Balinese masks carry a deep, spiritual meaning, which many tourists don’t grasp even though they admire their beauty in stores and on stages. Their sacred meanings run throughout their history, from their animism roots to their role in modern-day performances.
We should take into account that the use of masks for ritualistic sacred purposes isn’t unique to the Indonesian island of Bali. Various tribal masks in African countries and Mexican Day of the Dead masks have different purposes for different belief systems and cultural traditions. Among these cultures, the Indonesian island is one of few places where the art and performance of masks are alive and well.
The prominence of the masks is the culture’s dynamism and animism past. Based on the belief and, indeed, a conviction that gods are everywhere, the ancient Balinese created beautiful dwellings for transcendental and spiritual energies. The mask is like a home to the ancestral spirits, who wish to visit the material world as it represents the energies or divine beings in a physical form.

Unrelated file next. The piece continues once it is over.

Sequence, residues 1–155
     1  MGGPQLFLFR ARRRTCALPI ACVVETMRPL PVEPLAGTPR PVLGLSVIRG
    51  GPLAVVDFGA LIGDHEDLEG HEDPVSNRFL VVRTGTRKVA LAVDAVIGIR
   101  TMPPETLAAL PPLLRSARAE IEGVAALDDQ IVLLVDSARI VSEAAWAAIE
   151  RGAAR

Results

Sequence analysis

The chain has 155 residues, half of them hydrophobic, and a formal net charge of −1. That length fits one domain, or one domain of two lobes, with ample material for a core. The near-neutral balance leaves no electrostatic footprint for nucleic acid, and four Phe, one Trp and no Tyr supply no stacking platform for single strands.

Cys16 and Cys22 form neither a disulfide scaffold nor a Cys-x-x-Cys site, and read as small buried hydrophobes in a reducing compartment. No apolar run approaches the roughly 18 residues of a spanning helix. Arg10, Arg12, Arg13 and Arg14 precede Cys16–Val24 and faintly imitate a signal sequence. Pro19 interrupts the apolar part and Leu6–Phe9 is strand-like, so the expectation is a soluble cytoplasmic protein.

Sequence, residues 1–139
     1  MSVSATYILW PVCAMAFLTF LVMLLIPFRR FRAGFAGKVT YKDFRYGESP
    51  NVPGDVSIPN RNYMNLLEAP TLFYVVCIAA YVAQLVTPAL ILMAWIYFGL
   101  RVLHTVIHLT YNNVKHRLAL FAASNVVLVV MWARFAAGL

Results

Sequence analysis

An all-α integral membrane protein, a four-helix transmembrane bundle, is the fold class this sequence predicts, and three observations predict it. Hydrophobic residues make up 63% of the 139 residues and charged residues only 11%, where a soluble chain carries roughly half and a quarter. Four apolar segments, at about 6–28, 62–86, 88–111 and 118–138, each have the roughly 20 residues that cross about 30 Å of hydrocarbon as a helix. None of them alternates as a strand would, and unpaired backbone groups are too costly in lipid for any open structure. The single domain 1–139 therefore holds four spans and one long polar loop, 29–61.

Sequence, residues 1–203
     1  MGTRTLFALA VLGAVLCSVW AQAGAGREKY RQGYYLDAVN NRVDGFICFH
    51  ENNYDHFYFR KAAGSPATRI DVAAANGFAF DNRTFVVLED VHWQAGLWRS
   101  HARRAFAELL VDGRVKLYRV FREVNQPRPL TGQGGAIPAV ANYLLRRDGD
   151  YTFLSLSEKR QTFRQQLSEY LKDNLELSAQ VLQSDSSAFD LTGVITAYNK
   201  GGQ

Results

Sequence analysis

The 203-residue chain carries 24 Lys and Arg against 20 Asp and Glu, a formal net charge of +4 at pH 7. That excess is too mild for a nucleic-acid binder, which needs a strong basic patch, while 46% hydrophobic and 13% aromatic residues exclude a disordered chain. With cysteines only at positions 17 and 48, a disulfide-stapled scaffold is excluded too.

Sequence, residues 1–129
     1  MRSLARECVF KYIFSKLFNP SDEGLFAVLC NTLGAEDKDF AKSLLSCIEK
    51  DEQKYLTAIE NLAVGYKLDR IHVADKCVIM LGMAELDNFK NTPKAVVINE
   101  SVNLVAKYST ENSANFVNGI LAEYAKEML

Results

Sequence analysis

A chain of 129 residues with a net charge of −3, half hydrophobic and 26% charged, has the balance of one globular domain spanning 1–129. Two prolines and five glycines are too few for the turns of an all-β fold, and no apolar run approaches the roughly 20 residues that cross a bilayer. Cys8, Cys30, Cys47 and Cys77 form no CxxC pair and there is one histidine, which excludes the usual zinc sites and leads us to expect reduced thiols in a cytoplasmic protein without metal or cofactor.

Some masks are made to host spiritual energies in line with specific traditions and customs. The creation itself is very specific. One needs to use specific material and apply specific approaches to the art of making. The time for making the mask also needs to be taken into account. There are even special ceremonies dedicated to the masks’ implied powers.
Hindu religion interacted with Balinese culture and became embedded in the existing ancient belief system. Cultural objects such as masks retain their role and function, while teaching content is extended to accommodate the changes to the traditional religious system. The Balinese Hindu expressed Hindu myths and teachings through objects like masks and dance and music.